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Historical Markers and War Memorials in Braxton County, West Virginia
Adjacent to Braxton County, West Virginia
► Calhoun County (7) ► Clay County (6) ► Gilmer County (8) ► Lewis County (19) ► Nicholas County (36) ► Webster County (3)
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Important point in plan of Washington to establish water transportation to West. Salt was made here as early as 1792. Attack of whites in 1772 upon Captain Bull's Indian village here was among the causes of Dunmore's War. . . . — — Map (db m37050) HM|
| Braxton County Formed in 1836 from Lewis, Kanawha, and Nicholas. Named for Carter Braxton, signer of the Declaration of Independence. Washington planned to establish important point in project for western communication in this county. Gilmore . . . — — Map (db m73419) HM|
|Area first settled in 1798; Payton Byrnes came in 1830. First known as Lumberport in 1866, when Capt. John Burns established first saw mill in area. Incorporated by county in 1902 and named for Burns. — — Map (db m50025) HM|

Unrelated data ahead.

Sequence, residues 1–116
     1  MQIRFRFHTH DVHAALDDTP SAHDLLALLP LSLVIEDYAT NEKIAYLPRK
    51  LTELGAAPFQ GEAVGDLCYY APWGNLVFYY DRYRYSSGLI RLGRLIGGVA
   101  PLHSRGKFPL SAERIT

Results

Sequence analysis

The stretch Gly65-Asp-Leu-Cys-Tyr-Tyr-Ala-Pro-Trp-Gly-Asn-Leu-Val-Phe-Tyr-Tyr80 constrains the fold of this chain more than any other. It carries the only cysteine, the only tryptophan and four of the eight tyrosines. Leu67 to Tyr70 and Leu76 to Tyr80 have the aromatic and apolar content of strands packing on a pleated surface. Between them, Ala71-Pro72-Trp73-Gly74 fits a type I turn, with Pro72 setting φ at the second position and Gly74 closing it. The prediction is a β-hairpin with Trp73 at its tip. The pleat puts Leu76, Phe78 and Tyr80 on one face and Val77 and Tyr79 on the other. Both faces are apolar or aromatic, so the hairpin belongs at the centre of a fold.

|Dedicated to the memory of all Paratroopers and Gliderman who spearheaded all major invasions by dropping behind enemy lines to secure military objectives. "Lest We Forget" whose courage, dedication and traditions make them America's finest. — — Map (db m70903) WM|
|On October 13, 1863, Confederate troops under Col. W. L. "Mudwall" Jackson attacked Union forces at Bulltown, where they were repulsed by elements of the 6th and 11th WV infantries. Compelled to withdraw, Jackson’s men retreated to Salt Lick Bridge . . . — — Map (db m161248) HM|
|On the hill in front of you are two fortifications that Union Gen. George B. McClellan ordered constructed late in1861. They guarded the wooden covered bridge located here on the Weston and Gauley Bridge Turnpike. In October 1863, Capt. William H. . . . — — Map (db m58727) HM|
|In 1861, Col. Erastus B. Tyler’s 7th Ohio Infantry constructed earthworks near Suttonville to protect the suspension bridge across the Elk River. Later in the year, Capt. Weston Rowand’s Co. K, 1st Virginia Cavalry (US), about a hundred men, . . . — — Map (db m58728) HM|
|(Preface): On April 20, 1863, Confederate Gens. William E. “Grumble” Jones and John D. Imboden began a raid from Virginia through present-day West Virginia against the Baltimore and Ohio Railroad. Taking separate routes, . . . — — Map (db m58729) HM|